Next up, the May 30th Nova Scotia General Election with the polls looking like the Conservatives might spoil the Liberal’s hopes for another majority win. Early results had the Conservatives leading the way but after an hour of results, the Liberals took an edge. From there on, we were in another flipping mood where we were seeing Liberal minority move to Liberal majority and back. When I packed it in around midnight ET, it was a Liberal minority lead. I woke up in the morning while Elector was cranking away to a narrow Liberal majority win.

Elector started out with an emphasis on generating all the graphics for a standard election broadcast. But over time, it has become an editorial tool helping talent make sense of the election, mathematicians make calls, producers show the ridings graphics that matter at any particular time, augmented reality show information and graphics, news department show breaking news and websites provide the most up-to-date data.

Our web interface to Elector, Flow, is what pulls it all together. At any particular time, we may have large numbers of users using the data in different ways. And with Flow’s user classes, each type of user sees things tuned to their needs and editing privileges. Flow lets us compile the details about ridings, candidates and parties. It also has support for historical elections giving the users a way to see past election data to provide a historical perspective.

Elector has a collection of tools that work together to generate valuable insights into the real-time election results. It starts with as much of the results from the previous election as is available. From there we add information about current candidates indicating which ones are candidates of interest for reasons such as being a star candidate, a subject of a media scandal or an independent with a chance, etc. Predictions for the results in each riding are also added on a party basis. As the results start to come in, Elector goes to work to help mine the entire collection of past, present and predictions for interesting results. While users are reviewing the individual riding results in the Results Summary page the Interesting Agent is busy identifying interesting events such as an incumbent losing, close races and a party taking the lead in a riding they were not expected to win. As these events are identified they are presented to users of Elector via quick popups that identify the interesting events for the riding. As the results accumulate, Elector highlights each riding which may be ready to declare a candidate elected. An analyst can quickly popup the detailed riding results allowing them to make the final call and elect the candidate right there on the summary results page.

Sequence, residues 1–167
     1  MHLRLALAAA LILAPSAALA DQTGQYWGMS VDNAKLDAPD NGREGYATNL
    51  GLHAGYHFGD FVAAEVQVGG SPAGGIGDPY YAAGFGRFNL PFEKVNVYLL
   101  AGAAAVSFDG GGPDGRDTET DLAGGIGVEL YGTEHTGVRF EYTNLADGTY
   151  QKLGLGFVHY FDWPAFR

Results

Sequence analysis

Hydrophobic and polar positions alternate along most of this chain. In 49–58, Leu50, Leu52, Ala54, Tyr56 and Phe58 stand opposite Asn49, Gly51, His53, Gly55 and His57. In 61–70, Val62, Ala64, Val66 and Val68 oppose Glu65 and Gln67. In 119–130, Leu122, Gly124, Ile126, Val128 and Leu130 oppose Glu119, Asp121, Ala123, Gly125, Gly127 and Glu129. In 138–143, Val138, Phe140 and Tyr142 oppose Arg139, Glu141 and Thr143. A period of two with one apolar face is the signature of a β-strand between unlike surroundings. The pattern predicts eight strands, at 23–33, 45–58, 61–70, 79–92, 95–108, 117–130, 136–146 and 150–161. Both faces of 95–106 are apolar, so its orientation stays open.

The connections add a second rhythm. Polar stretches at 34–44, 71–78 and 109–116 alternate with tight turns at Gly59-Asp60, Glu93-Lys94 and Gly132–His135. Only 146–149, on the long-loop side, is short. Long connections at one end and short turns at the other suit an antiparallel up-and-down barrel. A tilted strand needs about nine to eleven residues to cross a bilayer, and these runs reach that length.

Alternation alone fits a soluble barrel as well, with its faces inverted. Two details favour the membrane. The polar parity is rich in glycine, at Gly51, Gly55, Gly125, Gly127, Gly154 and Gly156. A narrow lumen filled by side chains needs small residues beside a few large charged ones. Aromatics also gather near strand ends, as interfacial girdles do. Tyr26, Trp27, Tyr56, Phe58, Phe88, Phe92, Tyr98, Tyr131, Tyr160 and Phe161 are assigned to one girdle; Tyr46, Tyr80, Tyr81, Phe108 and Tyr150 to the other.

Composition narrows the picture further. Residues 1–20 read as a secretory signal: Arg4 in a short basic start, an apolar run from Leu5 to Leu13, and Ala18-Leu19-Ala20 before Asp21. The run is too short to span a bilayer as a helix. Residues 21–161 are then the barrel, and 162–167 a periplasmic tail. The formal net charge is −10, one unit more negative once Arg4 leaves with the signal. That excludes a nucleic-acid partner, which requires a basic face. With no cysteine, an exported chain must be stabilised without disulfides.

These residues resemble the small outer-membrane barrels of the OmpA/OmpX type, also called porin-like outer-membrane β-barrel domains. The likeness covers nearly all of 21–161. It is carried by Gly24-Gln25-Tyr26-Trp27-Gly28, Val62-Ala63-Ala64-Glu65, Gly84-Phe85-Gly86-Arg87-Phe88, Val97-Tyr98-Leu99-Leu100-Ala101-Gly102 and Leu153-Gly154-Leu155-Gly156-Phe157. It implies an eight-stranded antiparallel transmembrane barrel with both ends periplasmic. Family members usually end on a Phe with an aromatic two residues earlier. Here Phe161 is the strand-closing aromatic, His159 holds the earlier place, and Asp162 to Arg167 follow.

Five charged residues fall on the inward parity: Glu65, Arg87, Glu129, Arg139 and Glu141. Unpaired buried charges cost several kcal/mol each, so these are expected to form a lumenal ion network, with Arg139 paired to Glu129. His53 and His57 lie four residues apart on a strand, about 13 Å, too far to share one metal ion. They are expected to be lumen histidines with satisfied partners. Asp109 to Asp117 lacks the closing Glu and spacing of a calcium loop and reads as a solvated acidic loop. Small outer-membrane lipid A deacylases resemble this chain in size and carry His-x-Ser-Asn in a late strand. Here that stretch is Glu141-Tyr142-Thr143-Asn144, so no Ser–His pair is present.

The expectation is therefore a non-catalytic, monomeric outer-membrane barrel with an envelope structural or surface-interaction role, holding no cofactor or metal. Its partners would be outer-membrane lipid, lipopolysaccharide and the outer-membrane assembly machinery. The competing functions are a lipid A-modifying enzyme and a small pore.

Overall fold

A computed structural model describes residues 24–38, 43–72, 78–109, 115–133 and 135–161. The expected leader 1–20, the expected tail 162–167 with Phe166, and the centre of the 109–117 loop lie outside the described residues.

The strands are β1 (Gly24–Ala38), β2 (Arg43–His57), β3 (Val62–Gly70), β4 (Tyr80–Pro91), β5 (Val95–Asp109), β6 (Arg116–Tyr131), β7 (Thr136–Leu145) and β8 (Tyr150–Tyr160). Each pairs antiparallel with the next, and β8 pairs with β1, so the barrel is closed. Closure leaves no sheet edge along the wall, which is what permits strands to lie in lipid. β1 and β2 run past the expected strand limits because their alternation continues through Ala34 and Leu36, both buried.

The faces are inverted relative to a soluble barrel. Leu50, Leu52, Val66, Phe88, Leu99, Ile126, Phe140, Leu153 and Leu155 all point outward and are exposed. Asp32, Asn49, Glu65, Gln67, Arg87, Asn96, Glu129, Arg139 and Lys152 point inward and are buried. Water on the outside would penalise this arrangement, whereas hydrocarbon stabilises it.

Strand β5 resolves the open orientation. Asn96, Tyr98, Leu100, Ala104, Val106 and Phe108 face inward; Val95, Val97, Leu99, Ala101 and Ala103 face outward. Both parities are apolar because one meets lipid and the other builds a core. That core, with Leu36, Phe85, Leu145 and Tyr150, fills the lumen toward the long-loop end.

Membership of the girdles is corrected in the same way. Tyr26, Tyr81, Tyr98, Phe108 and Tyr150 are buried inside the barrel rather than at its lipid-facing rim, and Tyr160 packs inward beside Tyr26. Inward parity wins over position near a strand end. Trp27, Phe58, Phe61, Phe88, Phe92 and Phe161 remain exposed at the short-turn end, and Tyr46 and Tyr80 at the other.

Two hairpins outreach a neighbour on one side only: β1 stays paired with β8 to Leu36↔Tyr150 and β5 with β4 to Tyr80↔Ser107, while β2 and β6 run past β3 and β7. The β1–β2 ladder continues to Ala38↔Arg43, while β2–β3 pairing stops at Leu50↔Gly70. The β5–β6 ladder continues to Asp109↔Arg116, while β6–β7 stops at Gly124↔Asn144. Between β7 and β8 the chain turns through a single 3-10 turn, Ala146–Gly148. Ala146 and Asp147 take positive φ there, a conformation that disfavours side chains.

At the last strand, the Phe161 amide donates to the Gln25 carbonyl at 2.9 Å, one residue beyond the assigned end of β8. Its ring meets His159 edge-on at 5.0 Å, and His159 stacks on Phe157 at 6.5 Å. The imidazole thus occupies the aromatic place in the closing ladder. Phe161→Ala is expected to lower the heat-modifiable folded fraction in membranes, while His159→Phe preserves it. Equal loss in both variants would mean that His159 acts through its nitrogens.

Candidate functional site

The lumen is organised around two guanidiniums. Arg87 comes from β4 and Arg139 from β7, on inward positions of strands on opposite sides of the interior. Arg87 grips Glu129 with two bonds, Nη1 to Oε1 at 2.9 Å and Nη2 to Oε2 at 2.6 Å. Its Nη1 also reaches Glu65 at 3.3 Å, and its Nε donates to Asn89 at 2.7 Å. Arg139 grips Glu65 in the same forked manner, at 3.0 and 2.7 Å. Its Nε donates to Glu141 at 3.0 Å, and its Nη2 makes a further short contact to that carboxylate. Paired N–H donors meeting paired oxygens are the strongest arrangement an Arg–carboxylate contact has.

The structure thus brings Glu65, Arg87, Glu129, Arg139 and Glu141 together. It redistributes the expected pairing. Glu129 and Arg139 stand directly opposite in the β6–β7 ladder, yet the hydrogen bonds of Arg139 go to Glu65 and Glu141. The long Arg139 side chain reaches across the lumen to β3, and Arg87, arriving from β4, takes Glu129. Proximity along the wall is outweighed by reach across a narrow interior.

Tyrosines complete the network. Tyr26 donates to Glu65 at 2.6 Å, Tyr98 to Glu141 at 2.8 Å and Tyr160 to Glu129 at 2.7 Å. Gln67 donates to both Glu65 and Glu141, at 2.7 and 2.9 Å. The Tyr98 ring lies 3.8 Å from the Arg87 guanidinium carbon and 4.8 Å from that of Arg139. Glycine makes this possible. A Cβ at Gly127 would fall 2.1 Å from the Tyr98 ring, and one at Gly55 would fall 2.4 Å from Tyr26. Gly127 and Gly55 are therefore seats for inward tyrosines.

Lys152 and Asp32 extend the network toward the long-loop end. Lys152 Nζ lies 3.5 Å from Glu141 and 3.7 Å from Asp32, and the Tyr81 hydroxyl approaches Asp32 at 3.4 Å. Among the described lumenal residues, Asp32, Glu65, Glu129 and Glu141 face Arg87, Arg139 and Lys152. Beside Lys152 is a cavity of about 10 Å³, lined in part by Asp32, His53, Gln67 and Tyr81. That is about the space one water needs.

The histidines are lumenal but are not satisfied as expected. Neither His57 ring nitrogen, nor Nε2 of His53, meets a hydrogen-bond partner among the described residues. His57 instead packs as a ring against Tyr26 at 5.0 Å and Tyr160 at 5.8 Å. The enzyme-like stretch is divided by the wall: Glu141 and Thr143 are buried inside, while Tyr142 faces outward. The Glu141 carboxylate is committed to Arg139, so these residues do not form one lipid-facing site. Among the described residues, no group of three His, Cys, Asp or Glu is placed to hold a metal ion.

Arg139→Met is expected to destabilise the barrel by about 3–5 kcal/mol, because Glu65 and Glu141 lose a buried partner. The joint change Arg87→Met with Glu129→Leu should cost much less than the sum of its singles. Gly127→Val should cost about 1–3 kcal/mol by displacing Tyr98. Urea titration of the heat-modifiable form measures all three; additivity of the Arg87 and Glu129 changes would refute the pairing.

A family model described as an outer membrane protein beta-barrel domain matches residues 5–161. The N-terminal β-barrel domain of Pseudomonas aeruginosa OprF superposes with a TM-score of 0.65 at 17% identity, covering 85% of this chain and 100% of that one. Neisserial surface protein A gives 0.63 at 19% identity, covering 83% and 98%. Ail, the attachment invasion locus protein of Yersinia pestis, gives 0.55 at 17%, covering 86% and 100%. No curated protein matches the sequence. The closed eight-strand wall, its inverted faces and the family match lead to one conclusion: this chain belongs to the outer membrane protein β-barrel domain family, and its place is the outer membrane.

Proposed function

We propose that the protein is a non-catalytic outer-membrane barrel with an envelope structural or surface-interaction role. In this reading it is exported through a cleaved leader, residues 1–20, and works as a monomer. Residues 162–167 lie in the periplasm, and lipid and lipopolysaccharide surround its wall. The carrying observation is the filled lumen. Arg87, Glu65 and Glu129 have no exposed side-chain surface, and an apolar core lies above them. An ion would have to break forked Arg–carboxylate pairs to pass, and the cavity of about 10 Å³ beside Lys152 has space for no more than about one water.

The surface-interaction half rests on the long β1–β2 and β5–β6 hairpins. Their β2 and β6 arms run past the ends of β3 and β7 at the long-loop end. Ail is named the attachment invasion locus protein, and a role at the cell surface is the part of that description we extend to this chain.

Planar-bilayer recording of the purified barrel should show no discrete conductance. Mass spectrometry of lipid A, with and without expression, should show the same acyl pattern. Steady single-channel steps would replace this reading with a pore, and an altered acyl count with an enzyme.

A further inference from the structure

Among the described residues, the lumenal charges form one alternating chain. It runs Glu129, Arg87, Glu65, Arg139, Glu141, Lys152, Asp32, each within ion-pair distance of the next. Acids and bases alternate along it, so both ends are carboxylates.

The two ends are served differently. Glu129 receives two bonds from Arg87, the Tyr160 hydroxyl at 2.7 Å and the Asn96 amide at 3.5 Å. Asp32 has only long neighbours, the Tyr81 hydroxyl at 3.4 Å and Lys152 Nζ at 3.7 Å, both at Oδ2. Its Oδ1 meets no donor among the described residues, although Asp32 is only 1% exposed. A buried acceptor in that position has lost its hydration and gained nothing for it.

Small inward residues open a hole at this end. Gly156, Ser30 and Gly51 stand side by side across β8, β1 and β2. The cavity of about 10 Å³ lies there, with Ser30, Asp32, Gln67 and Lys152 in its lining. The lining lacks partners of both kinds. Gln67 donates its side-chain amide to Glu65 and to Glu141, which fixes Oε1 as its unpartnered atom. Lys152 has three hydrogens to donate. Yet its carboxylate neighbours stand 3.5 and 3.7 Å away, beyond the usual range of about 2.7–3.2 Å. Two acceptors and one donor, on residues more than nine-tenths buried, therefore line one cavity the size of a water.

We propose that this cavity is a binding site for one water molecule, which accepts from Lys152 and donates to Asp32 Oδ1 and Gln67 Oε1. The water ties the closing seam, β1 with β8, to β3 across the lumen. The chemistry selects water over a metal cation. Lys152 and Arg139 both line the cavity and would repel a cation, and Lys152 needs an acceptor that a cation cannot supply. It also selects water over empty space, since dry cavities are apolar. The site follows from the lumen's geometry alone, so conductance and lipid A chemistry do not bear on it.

I’m always thrilled when I see our users utilizing our software. For example, David Akin, Global TV’s Chief Political Correspondent posted screenshots of Flow on twitter throughout the evening. He was using the screenshots to describe some of the riding results.

Elections are a hectic and scary event for all news departments. It often requires a small army to pull it off. Elector, which got its start from a New Brunswick election in 2006, has come a long way. Not only does it include all the editorial, watchlists and number crunching tools in Flow but it has a rehearsal tool providing a way for teams to test different scenarios pre-election, a RESTful api making the data available to other sources like websites and virtual devices and data parsers which are tuned for the quickest and most accurate results.

Special thanks to Gerry Belec and Deb Zinck at Global TV for all the great suggestions, feedback and patience which has made Elector a success.

8 Years of XPression

Our CG Journey.


As we approach our 8th anniversary of being Ross Video XPression developers, I reflect upon how we got here.


Up until 2009, all of our broadcast graphics development had been on the Inscriber platform using the RTX api. It had served us well but there were concerns about whether the Inscriber platform was keeping up technically. Also, with the acquisition of Inscriber by Leitch and then Harris, there were worries about Inscriber’s future.


In 2008, we started our investigation into an alternative CG. We had a close look at many of the leading CGs and even a few obscure ones, some of which have faded into the sunset. They were all fine but Francis and I were never satisfied with the programming api to those CGs.

We continued our search during our annual visit to NAB in 2009. D’Arcy and Francis raved about a CG being shown in the Ross booth which came about from an acquisition of Media Refinery. I finally popped by the booth an hour before the final bell and was given a demo by my old friend Hans. Within minutes, I knew we had found our CG.



I look back at all the software, both products and custom, we have developed which use XPression. With pride, we identify ourselves as XPression developers. And we thank Ross Video for keeping XPression on the top of the charts. Unlike most acquisitions, Ross poured resources into XPression and the product continues to evolve.

It’s easy to take for granted but BL wishes to thank Ross Video for their support of XPression. BL will continue to ride the XPR wave forever.